As much as we decide for ourselves in difficult situations whether someone is worthy of humane consideration, we do it for ourselves on a daily basis. We encounter people who ask us to put aside our thoughts, our ethics, and our self-worth for them. Maybe it's allegedly for the "greater good." Maybe it's because they've placed themselves above us in such a way that they can cast themselves as just knowing better. Maybe it's because, for a very long time, we've been made to believe that that's just how it is: that we're secondary to the needs of others.

Realizing that we're not — and that we can still work toward a greater good while still seeing ourselves as worthwhile and worthy of human respect — can be harder than it sounds, especially when we've been in an environment where we're fed the exact opposite line day after day. It can seem not right, or unfair, or like we're making a huge mistake. Not breaking out of it, though, leads to even bigger problems.

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Connor becoming a Deviant (or, more accurately, admitting that he is a sentient being worthy of respect) is multilayered. It isn't just about him, even though it's super about him. That one choice alters his entire worldview. By embracing his humanity, he is simultaneously embracing the humanity of every android. Admitting he is worthwhile and human cannot happen unless he's ready to admit that everyone else like him is also worthwhile and human.

Markus's and Kara's stories begin with epiphanies: they don't want to be treated this way. They want to be more. They are more. It's very individual, even though the implications become broad (especially for Markus). But Connor works from the outside in. His epiphany is all-encompassing from the moment it happens. I'm valid, and so are all of them.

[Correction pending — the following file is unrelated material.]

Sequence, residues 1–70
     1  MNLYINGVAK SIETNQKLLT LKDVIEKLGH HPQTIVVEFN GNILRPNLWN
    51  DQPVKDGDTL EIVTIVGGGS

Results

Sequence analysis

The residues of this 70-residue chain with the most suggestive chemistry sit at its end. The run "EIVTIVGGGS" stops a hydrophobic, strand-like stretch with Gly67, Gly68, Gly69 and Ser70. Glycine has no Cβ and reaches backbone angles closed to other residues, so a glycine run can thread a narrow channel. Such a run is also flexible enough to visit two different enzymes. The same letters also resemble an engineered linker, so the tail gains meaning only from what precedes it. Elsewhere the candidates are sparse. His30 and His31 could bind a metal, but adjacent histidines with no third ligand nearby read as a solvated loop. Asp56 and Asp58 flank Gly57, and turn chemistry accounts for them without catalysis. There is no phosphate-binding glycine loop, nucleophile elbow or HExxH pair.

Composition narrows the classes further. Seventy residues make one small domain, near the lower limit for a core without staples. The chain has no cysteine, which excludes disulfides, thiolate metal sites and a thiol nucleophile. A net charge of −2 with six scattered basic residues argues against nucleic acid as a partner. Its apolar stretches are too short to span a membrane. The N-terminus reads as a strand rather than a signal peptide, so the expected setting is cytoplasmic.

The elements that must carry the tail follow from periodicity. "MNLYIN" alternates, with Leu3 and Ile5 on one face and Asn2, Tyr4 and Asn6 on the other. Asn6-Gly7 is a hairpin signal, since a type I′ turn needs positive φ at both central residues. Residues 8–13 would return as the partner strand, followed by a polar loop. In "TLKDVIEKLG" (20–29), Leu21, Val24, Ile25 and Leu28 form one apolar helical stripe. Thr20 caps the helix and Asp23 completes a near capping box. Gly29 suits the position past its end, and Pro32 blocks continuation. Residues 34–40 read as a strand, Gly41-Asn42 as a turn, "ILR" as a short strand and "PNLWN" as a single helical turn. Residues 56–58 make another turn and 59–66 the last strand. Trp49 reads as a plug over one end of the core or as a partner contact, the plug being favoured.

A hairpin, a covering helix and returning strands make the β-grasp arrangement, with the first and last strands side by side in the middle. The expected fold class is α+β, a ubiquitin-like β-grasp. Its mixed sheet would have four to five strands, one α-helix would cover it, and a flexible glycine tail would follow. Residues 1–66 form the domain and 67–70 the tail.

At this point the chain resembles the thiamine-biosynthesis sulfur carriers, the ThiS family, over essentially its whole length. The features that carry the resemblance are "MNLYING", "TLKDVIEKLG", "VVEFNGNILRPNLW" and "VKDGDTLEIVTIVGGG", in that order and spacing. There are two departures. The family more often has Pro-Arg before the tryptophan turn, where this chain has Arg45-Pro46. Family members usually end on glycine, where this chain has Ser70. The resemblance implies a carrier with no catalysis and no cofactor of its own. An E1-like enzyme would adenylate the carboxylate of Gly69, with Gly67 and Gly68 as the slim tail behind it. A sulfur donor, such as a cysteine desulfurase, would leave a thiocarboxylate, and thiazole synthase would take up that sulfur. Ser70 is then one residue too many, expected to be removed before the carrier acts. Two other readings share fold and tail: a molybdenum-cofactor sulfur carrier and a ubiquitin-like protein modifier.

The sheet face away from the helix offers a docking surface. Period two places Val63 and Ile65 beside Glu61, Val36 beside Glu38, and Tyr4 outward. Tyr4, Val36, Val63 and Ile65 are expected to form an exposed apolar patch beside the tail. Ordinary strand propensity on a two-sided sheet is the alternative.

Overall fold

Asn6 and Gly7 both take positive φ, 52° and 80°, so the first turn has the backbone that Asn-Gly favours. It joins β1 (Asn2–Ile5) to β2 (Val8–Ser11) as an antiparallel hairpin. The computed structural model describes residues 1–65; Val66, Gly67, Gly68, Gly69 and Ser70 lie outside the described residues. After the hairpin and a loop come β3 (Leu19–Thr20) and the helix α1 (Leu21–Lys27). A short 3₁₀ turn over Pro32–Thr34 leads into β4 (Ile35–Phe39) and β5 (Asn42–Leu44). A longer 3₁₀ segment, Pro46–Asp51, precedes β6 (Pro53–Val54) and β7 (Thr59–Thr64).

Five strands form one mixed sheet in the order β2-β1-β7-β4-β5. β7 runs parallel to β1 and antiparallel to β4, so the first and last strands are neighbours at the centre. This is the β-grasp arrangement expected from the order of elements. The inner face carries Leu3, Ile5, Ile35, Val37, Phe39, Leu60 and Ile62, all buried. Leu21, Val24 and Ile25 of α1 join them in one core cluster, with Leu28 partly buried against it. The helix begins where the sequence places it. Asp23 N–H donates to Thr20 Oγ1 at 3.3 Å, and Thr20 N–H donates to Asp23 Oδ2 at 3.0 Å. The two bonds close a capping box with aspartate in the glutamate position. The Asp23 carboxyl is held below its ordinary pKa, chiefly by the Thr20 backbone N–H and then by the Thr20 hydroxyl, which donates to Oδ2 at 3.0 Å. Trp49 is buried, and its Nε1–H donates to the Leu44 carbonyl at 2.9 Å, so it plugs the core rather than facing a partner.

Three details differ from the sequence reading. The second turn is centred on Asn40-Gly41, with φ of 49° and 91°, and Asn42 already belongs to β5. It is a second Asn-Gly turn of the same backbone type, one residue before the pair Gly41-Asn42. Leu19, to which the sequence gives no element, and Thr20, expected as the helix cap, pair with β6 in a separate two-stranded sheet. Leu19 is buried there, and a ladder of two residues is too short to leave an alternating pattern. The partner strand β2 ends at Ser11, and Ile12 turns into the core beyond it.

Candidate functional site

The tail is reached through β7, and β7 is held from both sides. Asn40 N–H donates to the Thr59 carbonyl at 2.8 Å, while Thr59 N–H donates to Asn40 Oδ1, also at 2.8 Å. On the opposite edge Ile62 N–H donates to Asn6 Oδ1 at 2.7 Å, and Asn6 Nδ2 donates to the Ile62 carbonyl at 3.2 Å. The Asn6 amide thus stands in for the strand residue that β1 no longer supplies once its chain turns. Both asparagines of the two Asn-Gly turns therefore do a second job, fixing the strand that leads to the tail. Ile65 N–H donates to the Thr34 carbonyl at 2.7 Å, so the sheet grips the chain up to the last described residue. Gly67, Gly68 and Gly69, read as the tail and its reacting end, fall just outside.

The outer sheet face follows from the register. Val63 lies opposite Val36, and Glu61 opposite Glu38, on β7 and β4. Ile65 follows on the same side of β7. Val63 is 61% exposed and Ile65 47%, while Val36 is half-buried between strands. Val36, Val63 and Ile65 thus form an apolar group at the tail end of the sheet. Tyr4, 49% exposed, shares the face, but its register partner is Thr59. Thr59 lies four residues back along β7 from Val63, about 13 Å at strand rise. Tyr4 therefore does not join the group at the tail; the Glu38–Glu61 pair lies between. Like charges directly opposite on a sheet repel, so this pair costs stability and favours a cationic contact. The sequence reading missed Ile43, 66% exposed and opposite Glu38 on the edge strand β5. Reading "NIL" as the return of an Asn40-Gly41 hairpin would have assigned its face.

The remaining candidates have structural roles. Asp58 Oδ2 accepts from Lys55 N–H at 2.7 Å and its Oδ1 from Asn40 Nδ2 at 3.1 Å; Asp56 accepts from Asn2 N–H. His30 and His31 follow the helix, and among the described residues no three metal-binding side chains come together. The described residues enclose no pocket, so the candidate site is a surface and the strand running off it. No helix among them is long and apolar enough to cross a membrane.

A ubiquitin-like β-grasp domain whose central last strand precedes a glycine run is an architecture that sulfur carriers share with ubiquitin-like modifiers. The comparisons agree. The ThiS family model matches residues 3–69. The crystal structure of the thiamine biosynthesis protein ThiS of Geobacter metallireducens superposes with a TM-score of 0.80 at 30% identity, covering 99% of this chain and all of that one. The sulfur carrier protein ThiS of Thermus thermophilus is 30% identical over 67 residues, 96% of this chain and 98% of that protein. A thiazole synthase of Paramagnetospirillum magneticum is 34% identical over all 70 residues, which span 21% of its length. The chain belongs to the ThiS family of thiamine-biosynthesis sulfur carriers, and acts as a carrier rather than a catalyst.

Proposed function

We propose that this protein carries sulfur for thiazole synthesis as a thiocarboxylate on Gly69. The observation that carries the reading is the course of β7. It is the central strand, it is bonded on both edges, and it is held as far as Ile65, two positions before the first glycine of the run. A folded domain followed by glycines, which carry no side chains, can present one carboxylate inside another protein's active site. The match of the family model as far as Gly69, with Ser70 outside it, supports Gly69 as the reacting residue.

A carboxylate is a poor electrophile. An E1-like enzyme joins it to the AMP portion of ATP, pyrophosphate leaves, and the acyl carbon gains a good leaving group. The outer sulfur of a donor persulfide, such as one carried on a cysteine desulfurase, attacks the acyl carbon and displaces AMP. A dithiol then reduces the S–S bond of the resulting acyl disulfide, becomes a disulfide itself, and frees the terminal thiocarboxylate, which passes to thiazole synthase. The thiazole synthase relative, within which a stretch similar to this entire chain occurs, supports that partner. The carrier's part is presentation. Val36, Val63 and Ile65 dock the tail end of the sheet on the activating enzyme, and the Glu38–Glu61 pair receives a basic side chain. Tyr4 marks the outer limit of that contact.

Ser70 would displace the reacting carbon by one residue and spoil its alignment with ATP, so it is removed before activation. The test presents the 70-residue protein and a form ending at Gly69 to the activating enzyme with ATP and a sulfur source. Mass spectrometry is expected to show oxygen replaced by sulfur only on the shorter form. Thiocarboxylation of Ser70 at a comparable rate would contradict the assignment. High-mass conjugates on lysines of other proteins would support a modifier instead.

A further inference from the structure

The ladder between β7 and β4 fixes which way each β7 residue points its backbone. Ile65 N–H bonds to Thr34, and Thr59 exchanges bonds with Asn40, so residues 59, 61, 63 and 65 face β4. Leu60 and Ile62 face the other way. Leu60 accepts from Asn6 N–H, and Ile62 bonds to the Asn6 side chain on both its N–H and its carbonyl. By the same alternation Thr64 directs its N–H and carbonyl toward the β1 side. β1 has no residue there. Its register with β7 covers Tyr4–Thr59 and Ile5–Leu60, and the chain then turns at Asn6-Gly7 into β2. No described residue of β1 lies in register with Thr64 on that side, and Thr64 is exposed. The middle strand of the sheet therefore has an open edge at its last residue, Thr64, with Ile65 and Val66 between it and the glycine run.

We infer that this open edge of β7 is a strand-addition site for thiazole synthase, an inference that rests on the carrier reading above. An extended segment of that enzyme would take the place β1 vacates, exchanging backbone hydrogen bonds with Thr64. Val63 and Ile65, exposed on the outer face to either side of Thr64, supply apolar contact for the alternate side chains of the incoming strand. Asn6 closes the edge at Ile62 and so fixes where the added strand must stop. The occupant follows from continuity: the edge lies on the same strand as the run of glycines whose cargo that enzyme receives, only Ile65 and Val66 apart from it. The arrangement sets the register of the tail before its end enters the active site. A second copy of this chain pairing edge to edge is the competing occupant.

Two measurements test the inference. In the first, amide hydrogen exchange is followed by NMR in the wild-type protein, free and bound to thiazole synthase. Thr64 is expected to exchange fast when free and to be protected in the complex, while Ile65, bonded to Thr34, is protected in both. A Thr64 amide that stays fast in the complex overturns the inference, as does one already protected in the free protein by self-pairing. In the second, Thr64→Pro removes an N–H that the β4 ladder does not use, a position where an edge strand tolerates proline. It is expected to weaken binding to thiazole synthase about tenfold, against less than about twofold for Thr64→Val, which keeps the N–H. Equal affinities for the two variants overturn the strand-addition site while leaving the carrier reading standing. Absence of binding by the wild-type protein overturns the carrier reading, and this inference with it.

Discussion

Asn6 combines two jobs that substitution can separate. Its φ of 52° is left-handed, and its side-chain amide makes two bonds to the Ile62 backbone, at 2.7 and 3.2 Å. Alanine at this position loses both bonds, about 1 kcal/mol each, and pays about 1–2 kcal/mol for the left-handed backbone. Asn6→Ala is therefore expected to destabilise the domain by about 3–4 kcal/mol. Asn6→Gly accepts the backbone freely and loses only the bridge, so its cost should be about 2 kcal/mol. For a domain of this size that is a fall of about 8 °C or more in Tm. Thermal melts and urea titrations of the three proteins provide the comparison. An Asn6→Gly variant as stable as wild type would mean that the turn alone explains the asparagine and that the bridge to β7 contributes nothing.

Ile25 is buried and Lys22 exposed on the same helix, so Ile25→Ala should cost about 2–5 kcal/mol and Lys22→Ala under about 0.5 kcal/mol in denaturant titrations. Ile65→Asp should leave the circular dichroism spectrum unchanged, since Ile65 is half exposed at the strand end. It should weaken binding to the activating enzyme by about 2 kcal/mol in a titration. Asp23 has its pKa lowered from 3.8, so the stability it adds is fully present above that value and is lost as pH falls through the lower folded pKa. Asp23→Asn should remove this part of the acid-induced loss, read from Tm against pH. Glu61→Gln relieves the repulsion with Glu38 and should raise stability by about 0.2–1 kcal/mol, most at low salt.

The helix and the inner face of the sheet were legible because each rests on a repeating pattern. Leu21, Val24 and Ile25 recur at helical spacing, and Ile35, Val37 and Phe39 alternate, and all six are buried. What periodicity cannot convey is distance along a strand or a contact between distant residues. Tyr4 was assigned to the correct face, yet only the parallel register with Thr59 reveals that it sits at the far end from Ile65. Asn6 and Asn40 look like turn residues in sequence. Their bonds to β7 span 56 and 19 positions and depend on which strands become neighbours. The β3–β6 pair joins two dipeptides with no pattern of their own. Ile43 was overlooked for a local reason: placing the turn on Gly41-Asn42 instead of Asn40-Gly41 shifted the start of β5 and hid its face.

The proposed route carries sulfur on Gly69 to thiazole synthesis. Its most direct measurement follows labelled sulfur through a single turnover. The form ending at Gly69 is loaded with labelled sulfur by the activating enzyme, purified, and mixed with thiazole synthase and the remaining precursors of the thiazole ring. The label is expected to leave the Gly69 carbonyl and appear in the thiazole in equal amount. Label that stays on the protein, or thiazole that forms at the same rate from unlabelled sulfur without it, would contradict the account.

And what if he doesn't? Because that's absolutely an option. You can stick to your guns, decide humans are humans and androids are androids, and throw yourself all the way into that cause. And, well, when you set standards for others, you're setting them for yourself. When you strip away the humanity of others, your own isn't all that far behind.

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Connor's story makes one other thing abundantly clear: being a human is terrifying sometimes. Things aren't always easy and logical. Reason and emotion are often at odds, and we have to be the one to make the ruling. No one is responsible for our actions save for ourselves, and if we get it wrong we have no one to blame but ourselves and our own judgment. Having feelings is really annoying sometimes. But that weird combination of freedom and empathy is strangely worth it.

Next time, Kara — the android with the best name in the game — and the family mentality.